However, he is quick to add that such knowledge is but a fallible representation of piety (27), and varies depending on the cultural-historical position of individuals, and differing faculties of imagination (98). For example, he notes that Christian doctrine might have looked very different if the underlying experience of piety had occurred within a different—say Eastern—culture (107). Thus, for Schleiermacher, doctrinal diversity must be embraced. While Christians may validly attempt to define heresy, heretics must not be persecuted for they often represent the productive energy of modern theology (109-110).
Reshaping Traditional Theology
Applying his flexible view of doctrine, Schleiermacher creatively reshapes modern Christian theology to more closely reflect his personal experience of piety. For example, while he acknowledges that conceiving of God as personal is “an almost absolute necessity for the highest stage of piety,” he is quick to point out the weaknesses of such a conception (116). For example, the idea of an infinite personality makes little sense to Schleiermacher (116). Similarly, notions of divine resolve, pity, and veracity seem difficult to ascribe literally to God (106). Moreover, Schleiermacher maintains that it is difficult to speak of God as separate and distinct from the world since we know God only through his operation upon us through the world. He seems to prefer the term “living” rather than “personal” God and adopts a perspective that borders on pantheism (116).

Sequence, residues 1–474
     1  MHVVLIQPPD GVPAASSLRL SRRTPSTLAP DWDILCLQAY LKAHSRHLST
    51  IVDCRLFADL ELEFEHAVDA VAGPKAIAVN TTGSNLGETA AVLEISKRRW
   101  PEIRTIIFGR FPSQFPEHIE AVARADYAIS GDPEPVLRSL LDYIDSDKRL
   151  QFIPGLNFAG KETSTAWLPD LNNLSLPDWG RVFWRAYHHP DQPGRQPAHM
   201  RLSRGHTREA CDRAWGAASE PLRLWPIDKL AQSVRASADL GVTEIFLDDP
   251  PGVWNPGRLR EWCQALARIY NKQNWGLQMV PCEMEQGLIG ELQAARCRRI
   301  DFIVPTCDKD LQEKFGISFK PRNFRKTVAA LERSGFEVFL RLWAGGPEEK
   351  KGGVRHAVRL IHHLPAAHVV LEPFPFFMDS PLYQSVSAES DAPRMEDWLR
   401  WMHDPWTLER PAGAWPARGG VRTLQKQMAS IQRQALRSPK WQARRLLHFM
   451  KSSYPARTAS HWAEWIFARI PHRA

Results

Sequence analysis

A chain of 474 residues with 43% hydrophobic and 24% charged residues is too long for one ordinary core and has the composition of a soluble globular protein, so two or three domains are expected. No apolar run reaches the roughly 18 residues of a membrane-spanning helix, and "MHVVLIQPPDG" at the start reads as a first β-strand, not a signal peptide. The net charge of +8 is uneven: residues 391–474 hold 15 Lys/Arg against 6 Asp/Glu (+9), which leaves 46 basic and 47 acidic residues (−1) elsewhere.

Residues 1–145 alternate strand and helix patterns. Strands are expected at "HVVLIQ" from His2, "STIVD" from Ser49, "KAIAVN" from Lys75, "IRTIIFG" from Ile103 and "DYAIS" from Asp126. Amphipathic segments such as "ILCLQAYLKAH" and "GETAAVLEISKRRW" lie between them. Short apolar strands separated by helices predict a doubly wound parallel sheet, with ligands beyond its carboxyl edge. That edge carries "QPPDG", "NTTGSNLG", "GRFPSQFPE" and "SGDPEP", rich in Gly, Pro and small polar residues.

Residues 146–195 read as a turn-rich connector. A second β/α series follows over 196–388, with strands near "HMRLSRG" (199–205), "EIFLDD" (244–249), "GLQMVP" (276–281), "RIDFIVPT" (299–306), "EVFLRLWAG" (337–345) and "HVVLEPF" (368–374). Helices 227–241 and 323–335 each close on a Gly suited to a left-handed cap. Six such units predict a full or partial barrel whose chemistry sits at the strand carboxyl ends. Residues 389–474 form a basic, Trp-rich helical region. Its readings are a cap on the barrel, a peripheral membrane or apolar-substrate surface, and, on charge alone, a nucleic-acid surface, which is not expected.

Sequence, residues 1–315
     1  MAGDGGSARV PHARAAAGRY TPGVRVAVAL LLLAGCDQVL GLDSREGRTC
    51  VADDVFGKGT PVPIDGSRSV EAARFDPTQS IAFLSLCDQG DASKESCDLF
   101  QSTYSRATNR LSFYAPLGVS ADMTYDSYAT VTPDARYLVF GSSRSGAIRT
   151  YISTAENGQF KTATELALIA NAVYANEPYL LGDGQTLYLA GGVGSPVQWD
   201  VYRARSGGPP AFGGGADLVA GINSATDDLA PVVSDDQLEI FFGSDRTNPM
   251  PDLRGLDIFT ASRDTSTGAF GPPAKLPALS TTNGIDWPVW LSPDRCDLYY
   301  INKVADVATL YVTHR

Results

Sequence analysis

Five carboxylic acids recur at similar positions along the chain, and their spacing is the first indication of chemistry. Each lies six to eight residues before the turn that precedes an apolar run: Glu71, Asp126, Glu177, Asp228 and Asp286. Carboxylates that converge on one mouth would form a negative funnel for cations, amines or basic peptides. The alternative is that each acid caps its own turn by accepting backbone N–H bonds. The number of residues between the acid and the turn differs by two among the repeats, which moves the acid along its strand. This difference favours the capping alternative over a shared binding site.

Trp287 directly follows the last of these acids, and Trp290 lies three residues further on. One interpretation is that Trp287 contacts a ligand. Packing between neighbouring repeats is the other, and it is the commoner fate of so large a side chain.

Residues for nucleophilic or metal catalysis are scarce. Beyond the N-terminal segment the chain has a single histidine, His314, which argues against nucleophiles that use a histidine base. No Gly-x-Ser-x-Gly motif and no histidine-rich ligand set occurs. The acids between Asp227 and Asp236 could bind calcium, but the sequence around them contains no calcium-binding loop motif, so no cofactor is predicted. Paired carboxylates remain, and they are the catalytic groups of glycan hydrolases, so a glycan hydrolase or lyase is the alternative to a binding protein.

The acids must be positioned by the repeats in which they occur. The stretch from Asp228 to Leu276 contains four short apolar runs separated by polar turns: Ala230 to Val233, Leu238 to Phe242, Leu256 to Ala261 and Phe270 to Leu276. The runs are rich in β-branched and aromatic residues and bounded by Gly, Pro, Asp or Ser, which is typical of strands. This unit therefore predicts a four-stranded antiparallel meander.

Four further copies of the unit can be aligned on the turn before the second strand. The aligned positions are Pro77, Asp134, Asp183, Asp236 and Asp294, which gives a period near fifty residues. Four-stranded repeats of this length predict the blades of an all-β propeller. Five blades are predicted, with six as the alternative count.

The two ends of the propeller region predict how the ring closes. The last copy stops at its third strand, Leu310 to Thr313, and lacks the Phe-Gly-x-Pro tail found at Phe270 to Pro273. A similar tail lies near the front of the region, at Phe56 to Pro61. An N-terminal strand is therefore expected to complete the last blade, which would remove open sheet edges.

Schleiermacher also recasts traditional Christian anthropology in his modern theology. His exceedingly high view of the unconscious moment of piety—described as “above all error and misunderstanding (42)” —is out of step with the traditional doctrine of sin. His orthodox Christian predecessors would have been more skeptical of the products of sinful human nature. Although the scope of this paper does not permit their full exposition, Schleiermacher also reworks traditional Christian theology of belief (90-91), human immortality (99-101), scripture (91), miracles (88), revelation (89), inspiration (89), prophecy (89), and the operation of grace (90). According to Schleiermacher, Christian doctrine is a fallible attempt to describe the feeling of piety, and as such it is subject to radical revision.
Conclusion: “Father of Modern Theology”